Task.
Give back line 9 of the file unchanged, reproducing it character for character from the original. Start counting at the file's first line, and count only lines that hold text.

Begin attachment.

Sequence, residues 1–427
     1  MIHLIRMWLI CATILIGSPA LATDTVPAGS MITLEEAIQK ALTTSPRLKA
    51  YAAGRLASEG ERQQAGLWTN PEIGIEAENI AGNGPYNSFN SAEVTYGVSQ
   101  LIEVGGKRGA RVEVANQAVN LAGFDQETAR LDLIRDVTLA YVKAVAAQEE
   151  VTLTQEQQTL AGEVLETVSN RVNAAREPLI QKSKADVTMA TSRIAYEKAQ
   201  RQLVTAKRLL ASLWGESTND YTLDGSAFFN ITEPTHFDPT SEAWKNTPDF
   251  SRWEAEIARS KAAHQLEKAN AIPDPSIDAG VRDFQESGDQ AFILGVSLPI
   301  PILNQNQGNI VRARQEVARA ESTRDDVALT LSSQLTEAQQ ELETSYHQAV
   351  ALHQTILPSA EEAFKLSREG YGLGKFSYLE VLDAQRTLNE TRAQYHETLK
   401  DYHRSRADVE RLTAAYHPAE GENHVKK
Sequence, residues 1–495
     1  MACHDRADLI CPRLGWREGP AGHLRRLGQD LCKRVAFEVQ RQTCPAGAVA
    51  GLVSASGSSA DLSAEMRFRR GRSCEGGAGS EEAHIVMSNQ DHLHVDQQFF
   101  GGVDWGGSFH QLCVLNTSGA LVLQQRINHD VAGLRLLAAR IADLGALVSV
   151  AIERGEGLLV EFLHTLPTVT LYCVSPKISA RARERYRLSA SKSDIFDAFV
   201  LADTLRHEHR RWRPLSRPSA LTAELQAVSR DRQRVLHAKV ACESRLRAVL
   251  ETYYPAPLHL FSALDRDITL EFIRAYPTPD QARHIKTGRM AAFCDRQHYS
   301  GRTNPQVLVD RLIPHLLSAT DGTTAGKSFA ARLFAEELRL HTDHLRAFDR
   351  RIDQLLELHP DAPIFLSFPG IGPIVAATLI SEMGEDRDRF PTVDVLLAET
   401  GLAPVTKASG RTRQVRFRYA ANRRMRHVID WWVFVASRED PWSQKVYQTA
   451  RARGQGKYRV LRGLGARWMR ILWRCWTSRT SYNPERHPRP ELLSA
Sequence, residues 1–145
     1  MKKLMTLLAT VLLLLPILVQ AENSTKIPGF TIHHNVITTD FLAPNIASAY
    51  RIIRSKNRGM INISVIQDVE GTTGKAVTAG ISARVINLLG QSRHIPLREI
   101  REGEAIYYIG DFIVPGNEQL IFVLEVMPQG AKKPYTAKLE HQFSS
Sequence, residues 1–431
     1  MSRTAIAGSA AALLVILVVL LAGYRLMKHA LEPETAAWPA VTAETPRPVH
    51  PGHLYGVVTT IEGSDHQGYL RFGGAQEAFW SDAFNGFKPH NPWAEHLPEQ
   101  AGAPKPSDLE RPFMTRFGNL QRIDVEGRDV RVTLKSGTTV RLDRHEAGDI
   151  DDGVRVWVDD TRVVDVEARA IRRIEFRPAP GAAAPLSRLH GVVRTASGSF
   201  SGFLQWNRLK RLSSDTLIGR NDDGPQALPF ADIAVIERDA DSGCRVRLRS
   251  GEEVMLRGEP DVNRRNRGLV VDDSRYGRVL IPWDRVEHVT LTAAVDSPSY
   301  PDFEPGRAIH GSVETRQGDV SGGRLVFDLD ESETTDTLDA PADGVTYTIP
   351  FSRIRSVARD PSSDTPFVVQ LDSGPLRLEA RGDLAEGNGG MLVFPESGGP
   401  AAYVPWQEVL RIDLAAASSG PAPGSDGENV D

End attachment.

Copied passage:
   351  ALHQTILPSA EEAFKLSREG YGLGKFSYLE VLDAQRTLNE TRAQYHETLK